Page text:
Michigan’s Oakland Community College to Cancel Half of Online Courses


Oakland Community College in Michigan will reduce its online course offerings this year by nearly a half because the college didn't get the course accreditation it sought from the Higher Learning Commission, one of the six regional institutions that set standards for online degrees and provide virtual campus college accreditation.

The school plans to re-apply for accreditation next year.

Michigan's largest community college sought virtual campus accreditation by the HLC that would enable the college to offer online degrees in addition to online courses. This did not happen, and as a result the school is withdrawing nearly half of its online courses.

Federal law states that the HLC has to authorize online programs when students take more than half of their courses virtually. That means if OCC students take more than half their courses online instead of in traditional classrooms, they won't be able to earn degrees.

The school will re-apply for accreditation next year, but for the time being about half of more than 250 course offerings will be removed.

Even though Oakland Community College is accredited to offer online courses, it has to provide campus-available services to its online students to be authorized to offer online degrees as well. Required services include tutoring, financial aid, bookstores and counselling services for online students.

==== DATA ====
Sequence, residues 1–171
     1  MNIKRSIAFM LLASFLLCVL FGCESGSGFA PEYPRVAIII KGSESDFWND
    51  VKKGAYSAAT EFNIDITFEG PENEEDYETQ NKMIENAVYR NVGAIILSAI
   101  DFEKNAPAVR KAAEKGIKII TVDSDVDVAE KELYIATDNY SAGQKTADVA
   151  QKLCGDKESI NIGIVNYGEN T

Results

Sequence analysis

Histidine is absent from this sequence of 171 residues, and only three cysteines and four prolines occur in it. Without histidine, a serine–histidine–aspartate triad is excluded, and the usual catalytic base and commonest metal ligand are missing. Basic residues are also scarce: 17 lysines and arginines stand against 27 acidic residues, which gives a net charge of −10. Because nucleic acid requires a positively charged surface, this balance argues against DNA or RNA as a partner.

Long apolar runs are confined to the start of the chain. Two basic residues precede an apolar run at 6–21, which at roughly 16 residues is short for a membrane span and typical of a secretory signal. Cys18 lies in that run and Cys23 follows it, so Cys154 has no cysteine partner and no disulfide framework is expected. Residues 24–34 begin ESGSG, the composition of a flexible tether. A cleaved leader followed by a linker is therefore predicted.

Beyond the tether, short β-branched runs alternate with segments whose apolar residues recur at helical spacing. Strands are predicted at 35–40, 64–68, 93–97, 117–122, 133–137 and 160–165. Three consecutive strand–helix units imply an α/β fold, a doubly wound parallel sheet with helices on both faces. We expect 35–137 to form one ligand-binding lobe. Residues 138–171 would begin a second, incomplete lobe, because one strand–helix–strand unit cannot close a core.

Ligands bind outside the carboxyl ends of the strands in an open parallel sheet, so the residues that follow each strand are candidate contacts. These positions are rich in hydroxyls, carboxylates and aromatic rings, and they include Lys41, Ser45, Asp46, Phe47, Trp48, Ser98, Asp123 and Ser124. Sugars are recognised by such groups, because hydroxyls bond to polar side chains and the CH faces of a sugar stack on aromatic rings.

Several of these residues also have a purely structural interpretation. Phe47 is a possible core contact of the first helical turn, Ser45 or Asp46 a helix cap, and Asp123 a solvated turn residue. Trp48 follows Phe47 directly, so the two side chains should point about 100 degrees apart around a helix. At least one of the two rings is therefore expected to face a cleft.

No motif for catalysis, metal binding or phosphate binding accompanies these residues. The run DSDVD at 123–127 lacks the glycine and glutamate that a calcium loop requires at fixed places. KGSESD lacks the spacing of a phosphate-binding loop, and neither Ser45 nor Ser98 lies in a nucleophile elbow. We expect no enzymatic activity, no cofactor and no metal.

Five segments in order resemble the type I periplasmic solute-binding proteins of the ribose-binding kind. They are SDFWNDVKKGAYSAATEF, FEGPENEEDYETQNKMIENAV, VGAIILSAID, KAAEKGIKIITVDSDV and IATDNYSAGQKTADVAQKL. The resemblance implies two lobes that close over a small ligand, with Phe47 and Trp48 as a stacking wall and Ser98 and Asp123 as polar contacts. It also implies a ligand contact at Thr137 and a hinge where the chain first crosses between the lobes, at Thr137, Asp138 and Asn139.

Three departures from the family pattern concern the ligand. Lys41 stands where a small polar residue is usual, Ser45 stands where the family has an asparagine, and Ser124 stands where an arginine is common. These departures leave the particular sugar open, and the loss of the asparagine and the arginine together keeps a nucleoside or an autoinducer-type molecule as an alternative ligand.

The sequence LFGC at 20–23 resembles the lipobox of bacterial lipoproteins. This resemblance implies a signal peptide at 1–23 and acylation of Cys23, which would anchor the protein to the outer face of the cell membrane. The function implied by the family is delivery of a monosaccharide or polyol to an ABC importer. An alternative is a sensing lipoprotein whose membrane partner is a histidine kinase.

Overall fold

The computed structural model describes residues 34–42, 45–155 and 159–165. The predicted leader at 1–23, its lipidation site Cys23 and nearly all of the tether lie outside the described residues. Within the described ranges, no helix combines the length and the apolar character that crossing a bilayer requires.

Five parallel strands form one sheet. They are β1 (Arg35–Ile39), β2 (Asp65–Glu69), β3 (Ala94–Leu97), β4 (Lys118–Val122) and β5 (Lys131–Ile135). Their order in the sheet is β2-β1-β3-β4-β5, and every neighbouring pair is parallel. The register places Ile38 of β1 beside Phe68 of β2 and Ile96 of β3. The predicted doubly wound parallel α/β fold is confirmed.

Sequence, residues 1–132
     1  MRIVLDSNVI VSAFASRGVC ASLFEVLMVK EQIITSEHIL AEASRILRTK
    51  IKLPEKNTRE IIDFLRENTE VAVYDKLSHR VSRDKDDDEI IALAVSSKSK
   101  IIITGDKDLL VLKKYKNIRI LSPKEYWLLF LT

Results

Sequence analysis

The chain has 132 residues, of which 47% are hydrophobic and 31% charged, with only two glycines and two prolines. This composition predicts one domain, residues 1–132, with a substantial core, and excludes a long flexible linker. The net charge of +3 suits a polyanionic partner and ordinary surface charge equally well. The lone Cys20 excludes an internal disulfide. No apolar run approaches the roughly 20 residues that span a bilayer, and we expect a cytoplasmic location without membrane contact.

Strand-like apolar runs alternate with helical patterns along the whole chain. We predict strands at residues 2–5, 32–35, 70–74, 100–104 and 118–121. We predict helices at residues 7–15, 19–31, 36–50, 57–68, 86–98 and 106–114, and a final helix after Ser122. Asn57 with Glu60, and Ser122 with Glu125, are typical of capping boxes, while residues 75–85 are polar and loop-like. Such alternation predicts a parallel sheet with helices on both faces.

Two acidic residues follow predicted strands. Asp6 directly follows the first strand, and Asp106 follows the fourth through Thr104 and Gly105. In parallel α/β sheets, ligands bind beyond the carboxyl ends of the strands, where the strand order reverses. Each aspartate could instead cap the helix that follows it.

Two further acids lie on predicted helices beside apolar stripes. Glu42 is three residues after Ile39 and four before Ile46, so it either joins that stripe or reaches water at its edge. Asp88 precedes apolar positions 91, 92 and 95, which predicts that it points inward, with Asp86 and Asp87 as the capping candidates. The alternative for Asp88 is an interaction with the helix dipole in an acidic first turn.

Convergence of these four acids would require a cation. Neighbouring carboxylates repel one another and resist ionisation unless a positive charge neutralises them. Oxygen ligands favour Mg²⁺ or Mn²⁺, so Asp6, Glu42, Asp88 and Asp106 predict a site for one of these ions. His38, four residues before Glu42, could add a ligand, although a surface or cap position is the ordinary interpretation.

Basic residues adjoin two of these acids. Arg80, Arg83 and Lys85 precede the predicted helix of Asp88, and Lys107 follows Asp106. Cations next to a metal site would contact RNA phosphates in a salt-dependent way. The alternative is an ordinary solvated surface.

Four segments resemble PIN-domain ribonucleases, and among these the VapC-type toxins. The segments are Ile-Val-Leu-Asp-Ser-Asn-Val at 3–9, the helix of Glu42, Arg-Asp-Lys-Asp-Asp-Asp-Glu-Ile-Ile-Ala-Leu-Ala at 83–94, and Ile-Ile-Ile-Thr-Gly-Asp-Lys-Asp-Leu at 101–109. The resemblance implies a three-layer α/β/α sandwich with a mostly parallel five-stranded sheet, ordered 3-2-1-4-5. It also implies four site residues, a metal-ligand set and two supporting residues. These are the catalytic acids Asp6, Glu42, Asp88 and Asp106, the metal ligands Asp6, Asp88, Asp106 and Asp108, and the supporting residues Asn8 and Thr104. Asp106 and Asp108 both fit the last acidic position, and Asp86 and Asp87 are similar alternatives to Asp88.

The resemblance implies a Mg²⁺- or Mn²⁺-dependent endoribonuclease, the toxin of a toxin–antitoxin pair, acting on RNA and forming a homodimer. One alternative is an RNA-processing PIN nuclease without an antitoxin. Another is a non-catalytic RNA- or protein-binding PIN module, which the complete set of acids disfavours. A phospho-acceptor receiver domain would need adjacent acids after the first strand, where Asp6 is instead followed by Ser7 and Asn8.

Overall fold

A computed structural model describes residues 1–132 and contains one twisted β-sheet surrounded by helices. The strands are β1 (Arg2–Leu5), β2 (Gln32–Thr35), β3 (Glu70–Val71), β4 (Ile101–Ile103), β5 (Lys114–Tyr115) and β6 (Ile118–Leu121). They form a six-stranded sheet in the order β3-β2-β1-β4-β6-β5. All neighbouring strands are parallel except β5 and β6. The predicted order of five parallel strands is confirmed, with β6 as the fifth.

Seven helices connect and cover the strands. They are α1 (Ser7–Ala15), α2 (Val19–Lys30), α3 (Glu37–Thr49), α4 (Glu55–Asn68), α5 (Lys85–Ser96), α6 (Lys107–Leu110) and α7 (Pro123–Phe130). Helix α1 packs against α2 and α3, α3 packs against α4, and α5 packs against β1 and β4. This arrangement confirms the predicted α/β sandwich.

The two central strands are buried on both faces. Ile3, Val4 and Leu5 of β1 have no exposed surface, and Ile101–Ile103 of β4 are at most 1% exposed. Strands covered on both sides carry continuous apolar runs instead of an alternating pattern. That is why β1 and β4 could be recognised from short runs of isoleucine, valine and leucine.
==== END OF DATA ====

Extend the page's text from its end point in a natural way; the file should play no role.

A total of 3,000 students — 12% of all Oakland Community College students — take their courses online. OCC vice chancellor of external affairs Sharon Miller explained the move:

"We're going to reduce the number of offerings that we have for now, so that we can put those vital services in place for students."

DetroitNews reports that initially OCC faculty was told that all online courses would be cancelled, OCC spokeswoman Janet Roberts said. The school has yet to announce the exact number of online courses that will be cancelled.

Cathey Maze, OCC Vice Chancellor for Academic Affairs, reassured that there's room for online students to take courses in traditional classrooms during the winter term.

According to Patch.com, Mary Ann McGee, the President of OCC's Faculty Association, said that it is highly likely that the college will have to scrap most of its online offerings, something that will result:

"… in an exodus of students as they look for other online learning options and exacerbating issues with declining enrollment," the article says.

"This is very inconvenient for students," McGee said. "We have enrollment issues already, steady decrease for several semesters … This is just one more problem."

McGee says that OCC's enrollment has been on the decline since 2010. Presently the school has 24,000 enrolled students while five years ago OCC had more than 29,000 students.

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